Sue Konzelmann and Frank Wilkinson
16 August 2015
Tony Blair’s assertion that the Labour Party faces “annihilation” if Jeremy Corbyn is elected leader, is little short of astonishing. Just three months ago in Scotland, Labour actually was annihilated – by the rise of the SNP, a left-of-centre party, opposed to austerity and strongly supported by young people. Currently, the Scottish Labour Party is being rejuvenated by the prospects of Corbyn as leader. It is clearly fanciful to suppose that Labour faces crushing defeat simply because opposing austerity will make it look too left wing.
17 August 2015
By Marc Fovargue-Davies, Sue Konzelmann and Frank Wilkinson
Many members of the Parliamentary Labour Party fear that the election of Jeremy Corbyn would damage the party and make it unelectable in a General Election. It is, of course, possible that they’re right – after all, their last choice of leader did exactly that. But if Corbyn does win, and his opponents’ worst fears are then confirmed, the position wouldn’t be that different from what it is now. On the other hand, acquiring a track record of interfering very publicly with the democratic process, in order to influence the result of an election, would haunt the party for a lot longer – probably permanently. And that would make Labour far less electable.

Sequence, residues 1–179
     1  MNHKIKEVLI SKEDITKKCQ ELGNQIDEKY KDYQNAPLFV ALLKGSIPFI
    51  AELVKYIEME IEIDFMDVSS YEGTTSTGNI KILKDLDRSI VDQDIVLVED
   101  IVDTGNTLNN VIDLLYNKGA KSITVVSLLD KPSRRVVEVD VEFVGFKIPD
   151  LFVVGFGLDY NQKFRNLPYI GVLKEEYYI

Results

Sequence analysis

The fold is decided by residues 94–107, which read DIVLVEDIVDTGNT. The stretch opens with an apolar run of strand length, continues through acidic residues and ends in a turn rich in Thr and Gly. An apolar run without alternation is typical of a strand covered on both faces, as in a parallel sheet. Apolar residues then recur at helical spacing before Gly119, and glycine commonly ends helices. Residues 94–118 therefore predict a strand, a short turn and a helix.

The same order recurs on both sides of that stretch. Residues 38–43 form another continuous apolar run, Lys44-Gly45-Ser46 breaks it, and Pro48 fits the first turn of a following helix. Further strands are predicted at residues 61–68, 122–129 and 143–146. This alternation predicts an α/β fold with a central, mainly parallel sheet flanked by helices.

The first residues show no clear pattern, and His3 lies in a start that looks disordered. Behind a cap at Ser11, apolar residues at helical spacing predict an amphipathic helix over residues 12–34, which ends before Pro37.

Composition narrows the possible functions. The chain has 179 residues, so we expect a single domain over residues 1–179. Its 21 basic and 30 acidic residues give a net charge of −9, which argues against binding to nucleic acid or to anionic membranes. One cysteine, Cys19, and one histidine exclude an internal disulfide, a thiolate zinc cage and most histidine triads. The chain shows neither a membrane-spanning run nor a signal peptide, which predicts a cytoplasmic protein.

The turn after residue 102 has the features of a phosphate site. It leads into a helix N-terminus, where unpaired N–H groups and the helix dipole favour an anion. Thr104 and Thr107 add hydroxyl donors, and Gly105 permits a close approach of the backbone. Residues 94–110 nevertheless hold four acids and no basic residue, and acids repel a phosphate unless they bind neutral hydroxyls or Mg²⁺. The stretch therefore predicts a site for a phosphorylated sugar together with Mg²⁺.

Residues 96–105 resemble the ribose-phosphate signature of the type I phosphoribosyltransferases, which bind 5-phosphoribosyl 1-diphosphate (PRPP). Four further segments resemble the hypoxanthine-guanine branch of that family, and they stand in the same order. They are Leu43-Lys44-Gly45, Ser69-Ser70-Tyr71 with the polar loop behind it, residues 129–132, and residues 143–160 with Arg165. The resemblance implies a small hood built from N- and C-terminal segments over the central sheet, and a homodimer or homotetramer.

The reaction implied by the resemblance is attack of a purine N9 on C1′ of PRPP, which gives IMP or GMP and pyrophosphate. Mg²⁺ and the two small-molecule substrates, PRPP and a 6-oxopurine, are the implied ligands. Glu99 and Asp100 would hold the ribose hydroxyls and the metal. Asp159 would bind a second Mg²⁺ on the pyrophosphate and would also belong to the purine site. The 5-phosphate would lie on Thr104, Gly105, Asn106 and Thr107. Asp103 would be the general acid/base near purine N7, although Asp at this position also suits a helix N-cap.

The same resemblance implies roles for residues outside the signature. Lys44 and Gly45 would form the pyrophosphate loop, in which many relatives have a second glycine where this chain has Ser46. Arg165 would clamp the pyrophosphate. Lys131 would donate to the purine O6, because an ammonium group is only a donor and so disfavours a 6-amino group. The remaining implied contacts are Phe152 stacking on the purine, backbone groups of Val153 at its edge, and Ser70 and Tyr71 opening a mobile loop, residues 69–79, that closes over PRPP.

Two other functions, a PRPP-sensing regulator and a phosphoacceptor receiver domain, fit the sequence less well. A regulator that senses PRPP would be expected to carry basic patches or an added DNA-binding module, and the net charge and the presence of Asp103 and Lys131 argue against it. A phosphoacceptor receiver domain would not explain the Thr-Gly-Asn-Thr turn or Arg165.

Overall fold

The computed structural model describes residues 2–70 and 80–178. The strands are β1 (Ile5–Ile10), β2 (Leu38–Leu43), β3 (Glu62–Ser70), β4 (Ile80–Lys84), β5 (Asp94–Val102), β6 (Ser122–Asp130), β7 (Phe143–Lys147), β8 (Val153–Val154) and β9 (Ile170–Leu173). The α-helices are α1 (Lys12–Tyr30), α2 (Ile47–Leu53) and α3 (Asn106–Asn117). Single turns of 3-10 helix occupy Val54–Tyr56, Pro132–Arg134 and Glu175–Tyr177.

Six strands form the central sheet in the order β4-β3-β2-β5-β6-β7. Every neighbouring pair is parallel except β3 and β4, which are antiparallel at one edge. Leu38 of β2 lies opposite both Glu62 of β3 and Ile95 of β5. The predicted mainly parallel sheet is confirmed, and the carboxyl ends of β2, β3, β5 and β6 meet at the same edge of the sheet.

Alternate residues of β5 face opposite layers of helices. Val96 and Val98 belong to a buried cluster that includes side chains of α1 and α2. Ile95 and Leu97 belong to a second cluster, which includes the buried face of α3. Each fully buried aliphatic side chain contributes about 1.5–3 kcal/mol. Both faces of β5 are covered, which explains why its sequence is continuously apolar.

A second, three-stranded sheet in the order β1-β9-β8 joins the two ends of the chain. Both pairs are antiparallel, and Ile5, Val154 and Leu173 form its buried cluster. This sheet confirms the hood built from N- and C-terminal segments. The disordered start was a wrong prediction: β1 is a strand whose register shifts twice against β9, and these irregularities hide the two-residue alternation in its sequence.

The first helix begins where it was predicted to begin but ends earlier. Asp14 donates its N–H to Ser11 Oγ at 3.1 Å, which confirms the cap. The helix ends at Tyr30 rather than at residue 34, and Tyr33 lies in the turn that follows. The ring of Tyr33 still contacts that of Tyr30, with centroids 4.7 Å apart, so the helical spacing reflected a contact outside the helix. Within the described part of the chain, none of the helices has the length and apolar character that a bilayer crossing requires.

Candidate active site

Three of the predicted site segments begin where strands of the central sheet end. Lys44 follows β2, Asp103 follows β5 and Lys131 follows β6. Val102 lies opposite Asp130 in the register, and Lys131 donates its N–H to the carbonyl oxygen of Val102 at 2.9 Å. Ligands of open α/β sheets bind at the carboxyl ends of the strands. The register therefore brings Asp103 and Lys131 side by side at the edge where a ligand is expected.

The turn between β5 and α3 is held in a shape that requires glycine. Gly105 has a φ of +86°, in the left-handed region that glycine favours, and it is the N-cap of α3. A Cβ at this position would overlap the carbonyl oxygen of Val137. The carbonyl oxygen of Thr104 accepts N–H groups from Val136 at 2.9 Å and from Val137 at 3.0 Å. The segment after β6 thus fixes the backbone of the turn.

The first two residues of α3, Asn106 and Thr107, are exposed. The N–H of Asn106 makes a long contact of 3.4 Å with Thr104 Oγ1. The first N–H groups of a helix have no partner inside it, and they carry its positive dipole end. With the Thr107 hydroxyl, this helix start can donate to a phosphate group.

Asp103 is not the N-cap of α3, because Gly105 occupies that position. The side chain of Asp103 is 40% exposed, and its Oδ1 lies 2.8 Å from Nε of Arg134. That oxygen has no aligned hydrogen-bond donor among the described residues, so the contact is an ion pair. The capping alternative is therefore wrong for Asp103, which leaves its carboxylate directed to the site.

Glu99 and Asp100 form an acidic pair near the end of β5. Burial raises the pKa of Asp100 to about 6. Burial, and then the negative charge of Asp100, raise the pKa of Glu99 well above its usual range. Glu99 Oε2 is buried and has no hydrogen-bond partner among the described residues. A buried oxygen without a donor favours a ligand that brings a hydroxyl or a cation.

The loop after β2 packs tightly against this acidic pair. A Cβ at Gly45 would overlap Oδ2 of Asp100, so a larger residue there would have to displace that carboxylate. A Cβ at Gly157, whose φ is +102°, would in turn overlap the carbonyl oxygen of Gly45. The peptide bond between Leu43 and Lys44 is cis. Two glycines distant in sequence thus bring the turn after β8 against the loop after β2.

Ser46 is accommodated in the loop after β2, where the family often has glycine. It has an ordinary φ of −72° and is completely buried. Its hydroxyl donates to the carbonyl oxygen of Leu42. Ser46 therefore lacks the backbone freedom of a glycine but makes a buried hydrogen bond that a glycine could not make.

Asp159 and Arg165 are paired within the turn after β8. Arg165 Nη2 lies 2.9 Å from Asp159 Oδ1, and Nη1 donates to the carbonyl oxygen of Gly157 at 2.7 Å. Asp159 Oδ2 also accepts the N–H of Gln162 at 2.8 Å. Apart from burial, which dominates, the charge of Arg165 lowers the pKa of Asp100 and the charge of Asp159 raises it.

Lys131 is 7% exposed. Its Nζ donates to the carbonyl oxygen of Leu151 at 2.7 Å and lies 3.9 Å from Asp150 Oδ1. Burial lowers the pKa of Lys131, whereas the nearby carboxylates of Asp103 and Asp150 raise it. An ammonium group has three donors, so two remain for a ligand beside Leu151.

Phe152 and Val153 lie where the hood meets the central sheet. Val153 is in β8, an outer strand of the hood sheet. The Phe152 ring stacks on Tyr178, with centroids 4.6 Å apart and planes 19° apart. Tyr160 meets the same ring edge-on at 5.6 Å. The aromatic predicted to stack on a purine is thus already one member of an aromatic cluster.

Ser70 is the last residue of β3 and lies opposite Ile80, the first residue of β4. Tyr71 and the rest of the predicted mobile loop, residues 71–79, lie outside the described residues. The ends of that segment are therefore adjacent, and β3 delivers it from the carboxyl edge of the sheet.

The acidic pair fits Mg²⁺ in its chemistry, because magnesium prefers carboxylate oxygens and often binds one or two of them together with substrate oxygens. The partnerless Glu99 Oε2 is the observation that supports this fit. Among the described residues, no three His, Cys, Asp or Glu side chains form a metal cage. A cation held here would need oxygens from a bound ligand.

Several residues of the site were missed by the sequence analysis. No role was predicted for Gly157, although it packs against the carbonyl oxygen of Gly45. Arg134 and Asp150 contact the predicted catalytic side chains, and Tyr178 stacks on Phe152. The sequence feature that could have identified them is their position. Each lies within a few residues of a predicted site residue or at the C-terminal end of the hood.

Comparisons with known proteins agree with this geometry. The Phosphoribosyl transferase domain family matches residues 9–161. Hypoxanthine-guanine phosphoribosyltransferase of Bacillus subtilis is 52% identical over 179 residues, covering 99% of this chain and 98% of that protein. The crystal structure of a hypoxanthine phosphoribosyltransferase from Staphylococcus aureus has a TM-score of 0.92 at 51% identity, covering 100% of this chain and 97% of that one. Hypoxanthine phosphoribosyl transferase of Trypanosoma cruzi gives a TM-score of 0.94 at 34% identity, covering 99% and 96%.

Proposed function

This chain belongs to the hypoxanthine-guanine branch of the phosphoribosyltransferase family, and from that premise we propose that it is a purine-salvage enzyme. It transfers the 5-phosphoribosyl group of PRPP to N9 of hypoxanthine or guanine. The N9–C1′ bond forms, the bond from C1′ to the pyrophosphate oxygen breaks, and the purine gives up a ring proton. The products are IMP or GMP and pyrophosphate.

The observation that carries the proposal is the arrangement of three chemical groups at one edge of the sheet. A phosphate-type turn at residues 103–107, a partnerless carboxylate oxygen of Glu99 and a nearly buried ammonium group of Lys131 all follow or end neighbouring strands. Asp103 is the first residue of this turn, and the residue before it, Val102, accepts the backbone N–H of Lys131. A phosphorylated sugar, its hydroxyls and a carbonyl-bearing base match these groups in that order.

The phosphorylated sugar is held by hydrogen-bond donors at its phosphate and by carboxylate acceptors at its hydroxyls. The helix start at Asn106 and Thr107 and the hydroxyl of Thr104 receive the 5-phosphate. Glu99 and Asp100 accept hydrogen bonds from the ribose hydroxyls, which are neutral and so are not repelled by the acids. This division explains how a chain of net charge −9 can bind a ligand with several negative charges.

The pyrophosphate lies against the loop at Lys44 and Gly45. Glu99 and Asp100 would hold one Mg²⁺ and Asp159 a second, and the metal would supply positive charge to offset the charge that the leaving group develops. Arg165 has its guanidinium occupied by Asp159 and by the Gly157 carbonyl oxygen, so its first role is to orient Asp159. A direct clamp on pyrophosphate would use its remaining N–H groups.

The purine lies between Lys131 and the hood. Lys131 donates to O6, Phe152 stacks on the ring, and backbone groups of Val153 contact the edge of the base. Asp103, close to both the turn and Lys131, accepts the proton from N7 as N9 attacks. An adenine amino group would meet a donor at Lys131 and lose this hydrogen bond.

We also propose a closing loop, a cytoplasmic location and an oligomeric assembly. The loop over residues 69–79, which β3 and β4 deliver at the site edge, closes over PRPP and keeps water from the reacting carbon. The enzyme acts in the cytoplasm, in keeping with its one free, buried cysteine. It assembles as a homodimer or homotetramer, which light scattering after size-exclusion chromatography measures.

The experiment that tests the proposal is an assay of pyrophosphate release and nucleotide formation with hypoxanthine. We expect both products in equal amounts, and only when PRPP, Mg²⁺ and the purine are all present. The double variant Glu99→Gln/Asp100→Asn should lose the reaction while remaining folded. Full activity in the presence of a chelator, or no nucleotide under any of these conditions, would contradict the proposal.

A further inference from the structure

13 August 2015
By John Christensen from the Tax Justice Network
Why did the vibrant social democratic traditions of Europe and North America collapse so swiftly in the face of the pervasive propaganda of the neoliberal project? Was it because the post-war golden age of Capitalism – les trentes glorieuses as the French call the period of record growth and stability between the 1940s and 1970s – imploded in the face of its internal contradictions? Or was it because a series of Big Lies had been propagated by leading economists and corporate-funded thinktanks, and subsequently lapped up by a grateful business community and by politicians? This blogger tends towards the latter view.
3 August 2015
By Andrew Moretta, World of Work PhD student, Liverpool University
Truck drivers are highly skilled professionals. A moment’s inattention when driving a 26 ton vehicle can have catastrophic consequences. Despite this, general haulage drivers are very badly paid – many are on the minimum wage and many more are required to work extraordinarily long hours. Twelve to fifteen hour days, five to six days a week are the norm in a great many firms.
31 July 2015
By David Whyte, Professor of socio-legal studies, University of Liverpool.
If there is one thing that business organisations are particular good at, it is deceiving us into thinking that they are indispensible to a healthy and developed society. But the social contributions that businesses make are always surrounded by propaganda claims and myths that are swallowed too easily by politicians and repeated ad nauseum in the press.